Protocols allow the specification for a set of Artifact: Capsule ports to be defined and reused. The protocol defines a set of incoming and outgoing message types (e.g.
operations, signals), and optionally a collaboration (usually consisting of a set of sequence diagrams, see Guideline: Sequence Diagram) which defines the required ordering of messages, and a
state machine (described by a set of statechart diagrams, see Guideline: Statechart Diagram) which specifies the abstract behavior that the participants in a protocol must provide.
A protocol is a specification of desired behavior that can take place over a connector -- an explicit
specification of the contractual agreement between the participants in the protocol. It is pure behavior and does not
specify any structural elements. A protocol comprises a set of participants, each of which plays a specific role in the
Each such protocol role is specified by a unique name and a set of signals that are received by that role as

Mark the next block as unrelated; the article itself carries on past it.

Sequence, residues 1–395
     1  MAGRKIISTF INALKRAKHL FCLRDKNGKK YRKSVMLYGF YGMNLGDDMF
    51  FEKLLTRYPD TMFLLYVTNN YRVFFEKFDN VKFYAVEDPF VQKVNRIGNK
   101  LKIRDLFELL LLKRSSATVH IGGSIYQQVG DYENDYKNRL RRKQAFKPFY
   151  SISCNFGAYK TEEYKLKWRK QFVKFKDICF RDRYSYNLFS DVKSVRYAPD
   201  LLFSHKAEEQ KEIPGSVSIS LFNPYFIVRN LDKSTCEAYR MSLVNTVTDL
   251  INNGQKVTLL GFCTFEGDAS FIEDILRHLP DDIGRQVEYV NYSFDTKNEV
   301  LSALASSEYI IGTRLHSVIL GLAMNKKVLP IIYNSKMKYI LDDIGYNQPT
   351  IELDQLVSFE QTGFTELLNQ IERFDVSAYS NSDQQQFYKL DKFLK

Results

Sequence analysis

well as the set of signals that are sent by that role (either set could be empty). As an option, a protocol can also
have a specification of the valid communication sequences; a state machine may specify this. Finally, a protocol may
also have a set of prototypical interaction sequences (these can be shown as sequence diagrams). These must conform to
the protocol state machine, if one is defined.
Binary protocols, involving just two participants, are by far the most common and the simplest to specify. One
advantage of these protocols is that only one role, called the base role, needs to be specified. The other,
called the conjugate, can be derived from the base role simply by inverting the incoming and outgoing signal
sets. This inversion operation is known as conjugation.
Composition of <<protocol>> class.
As noted in above figure, a protocol typically contains one or more sequence diagrams which illustrate the valid
message exchange sequences specified by the protocol. The protocol also consists of a set of incoming (request)
messages and a set of outgoing (response) messages. An optional state machine can be used to specify the behavior that
participants in the protocol must support.